by Frank Hyde
February 8, 1950
Part 2 of 4
Lowly Lemon Is Cureall; Swat Wins 20 in 40 Days
John McGraw's Giants had won National League pennants in 1912 and '13 but bowed to the Boston Red Sox and the Philadelphia Athletics in the World Series. Irked over his failure to grab the classic with either of his league champs, the "Little Giant" was a driving taskmaster. He had such stars as Christy Matthewson, Larry Doyle, Fred Merkle, Art Fletcher, Hans Lobert and Milton Stock.
In this setting, Swat made his debut facing the Phils.
In one of the late innings, a Phil runner moved off second as Swat cut down a relay. The big chucker "dared" him with a fake throw, but the crafty Phil runner broke for third. The throw bounded into Stock's hands and right out again. The runner was safe and it turned out to be the ball game. McGraw, always a sore loser, laid it on the line pointedly. "Son, never bluff in this game. Throw that ball."
It was a lesson Erickson never forgot.
"McGraw was a tough cuss," Swat recalls today. "But he was fair and firm and his players respected him."
The following spring the Giants moved into Marshall, Tex. For spring training and it was there the first of two tough breaks caught up with the Jamestown Swede. A line drive hit back through the box by one of his old Dallas team mates in an exhibition game fractured the index finger of his pitching hand. The break was in the socket and it refused to heal.
One day McGraw called Swat into a huddle and said, "We are going to send you to Waco, Tex. to an expert."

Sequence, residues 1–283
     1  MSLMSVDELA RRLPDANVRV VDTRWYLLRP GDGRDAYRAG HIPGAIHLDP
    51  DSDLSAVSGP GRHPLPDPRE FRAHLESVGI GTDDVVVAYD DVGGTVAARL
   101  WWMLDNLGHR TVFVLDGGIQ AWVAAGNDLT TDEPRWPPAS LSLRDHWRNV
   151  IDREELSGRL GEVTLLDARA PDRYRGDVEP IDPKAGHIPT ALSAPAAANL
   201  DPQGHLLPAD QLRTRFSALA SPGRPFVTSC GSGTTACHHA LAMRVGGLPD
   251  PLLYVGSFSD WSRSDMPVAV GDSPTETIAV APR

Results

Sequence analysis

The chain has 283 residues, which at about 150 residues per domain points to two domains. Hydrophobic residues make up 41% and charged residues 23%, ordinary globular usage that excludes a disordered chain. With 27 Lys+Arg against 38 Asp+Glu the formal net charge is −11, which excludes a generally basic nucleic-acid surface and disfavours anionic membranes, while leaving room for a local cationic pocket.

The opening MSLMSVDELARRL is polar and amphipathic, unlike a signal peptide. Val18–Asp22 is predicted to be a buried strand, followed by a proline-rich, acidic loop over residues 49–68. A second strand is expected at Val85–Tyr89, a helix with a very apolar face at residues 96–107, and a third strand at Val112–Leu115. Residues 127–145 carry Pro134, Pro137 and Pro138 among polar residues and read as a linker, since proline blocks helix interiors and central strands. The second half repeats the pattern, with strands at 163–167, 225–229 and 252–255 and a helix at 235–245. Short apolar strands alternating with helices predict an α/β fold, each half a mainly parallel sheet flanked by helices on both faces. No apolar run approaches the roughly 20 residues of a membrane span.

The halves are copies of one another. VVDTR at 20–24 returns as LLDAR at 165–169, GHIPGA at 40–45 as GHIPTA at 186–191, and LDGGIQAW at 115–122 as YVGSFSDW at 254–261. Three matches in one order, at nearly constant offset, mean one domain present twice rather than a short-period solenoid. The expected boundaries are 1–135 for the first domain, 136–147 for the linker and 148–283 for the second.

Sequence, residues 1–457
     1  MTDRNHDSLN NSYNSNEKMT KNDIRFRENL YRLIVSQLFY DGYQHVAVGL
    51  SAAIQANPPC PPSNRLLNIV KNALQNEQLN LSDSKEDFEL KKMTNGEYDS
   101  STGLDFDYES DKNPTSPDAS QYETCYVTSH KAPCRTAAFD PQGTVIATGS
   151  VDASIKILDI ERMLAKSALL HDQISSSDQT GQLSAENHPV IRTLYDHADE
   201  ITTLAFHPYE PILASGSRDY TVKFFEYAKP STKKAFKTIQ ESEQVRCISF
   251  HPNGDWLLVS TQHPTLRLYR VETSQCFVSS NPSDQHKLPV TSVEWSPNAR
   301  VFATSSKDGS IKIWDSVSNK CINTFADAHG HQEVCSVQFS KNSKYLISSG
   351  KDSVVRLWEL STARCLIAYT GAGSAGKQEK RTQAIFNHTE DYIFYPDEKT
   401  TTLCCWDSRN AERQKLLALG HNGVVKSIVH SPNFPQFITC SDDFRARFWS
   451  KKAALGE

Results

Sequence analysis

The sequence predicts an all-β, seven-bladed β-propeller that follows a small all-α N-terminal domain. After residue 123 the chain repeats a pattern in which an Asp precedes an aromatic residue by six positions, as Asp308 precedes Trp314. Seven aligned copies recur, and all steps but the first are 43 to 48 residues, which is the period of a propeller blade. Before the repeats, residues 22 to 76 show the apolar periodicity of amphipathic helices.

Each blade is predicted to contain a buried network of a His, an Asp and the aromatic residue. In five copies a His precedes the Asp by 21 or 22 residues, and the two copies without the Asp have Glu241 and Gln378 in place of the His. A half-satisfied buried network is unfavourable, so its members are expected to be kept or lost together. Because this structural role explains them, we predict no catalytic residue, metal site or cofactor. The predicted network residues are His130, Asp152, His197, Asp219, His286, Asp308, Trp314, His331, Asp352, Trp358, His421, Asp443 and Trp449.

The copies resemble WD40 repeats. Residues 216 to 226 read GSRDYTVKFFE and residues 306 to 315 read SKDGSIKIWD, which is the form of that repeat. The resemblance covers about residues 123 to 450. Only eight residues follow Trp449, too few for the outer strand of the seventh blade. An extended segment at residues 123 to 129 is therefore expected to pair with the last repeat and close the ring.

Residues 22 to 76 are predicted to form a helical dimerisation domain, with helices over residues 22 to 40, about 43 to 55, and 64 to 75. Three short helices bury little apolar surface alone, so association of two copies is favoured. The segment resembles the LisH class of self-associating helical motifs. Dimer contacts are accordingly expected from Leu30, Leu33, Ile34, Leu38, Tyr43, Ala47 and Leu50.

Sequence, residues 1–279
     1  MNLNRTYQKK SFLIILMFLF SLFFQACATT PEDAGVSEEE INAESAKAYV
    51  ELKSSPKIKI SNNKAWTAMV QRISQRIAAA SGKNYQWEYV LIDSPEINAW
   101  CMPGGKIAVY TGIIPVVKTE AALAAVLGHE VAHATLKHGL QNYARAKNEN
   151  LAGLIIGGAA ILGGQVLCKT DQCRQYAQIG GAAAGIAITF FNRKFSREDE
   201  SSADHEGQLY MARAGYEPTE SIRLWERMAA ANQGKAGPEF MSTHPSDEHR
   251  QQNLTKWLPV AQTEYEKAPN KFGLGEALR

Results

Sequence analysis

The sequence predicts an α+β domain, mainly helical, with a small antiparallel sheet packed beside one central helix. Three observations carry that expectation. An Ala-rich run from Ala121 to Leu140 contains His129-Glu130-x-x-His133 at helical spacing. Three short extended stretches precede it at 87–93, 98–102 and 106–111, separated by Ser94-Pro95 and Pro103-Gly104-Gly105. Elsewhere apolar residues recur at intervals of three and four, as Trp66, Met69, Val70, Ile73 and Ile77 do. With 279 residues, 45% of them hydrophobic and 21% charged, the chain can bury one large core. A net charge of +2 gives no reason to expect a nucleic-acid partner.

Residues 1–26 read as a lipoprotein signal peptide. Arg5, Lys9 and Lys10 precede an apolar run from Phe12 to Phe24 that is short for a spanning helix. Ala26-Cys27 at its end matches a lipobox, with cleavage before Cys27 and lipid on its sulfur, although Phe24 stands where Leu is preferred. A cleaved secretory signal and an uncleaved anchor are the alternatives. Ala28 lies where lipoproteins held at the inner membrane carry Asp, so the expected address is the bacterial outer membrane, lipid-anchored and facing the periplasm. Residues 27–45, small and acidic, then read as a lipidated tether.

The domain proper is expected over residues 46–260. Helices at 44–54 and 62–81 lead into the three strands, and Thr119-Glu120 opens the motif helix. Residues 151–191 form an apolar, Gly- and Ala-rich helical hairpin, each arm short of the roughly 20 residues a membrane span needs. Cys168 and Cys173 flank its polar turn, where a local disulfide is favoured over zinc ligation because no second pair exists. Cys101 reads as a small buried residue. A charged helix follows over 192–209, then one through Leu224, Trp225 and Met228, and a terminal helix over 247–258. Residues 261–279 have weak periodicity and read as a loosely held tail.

It proved to be a fruitless trip, however, for the rebroken and reset digit remained crooked and painful and finally led to a railroad ticket to Rochester.
"Miracle of Baseball"
Swat was just going along, breaking about even with the Red Wings, when a fan stopped him one day. "Want to cure that finger?" he asked. "Just cut a hole through a lemon and slide it right over the finger and leave it on all night."
Ready to try anything, Swat followed instructions. The following day the wrinkled and shrunken member was removed from its strange cast. "You won't believe it, but it never bothered me again," Swat revealed recently, still amazed at the success of the simple cure.
Rochester sold several players during the summer of 1915 and as a result the Red Wing pitching corps consisted of Swat, Eddie Palermo, Bugsy Hersch and Bob Hinkey. Hersch and Hinkey had lame arms, so the durable Jamestown Swede found himself on the firing line almost every other day.
Years after Clark Shaughnessy, President of the International League, referred to Swat's performances during those shorthanded days as "a miracle of baseball."
He actually won 20 games in 40 days at one stretch!
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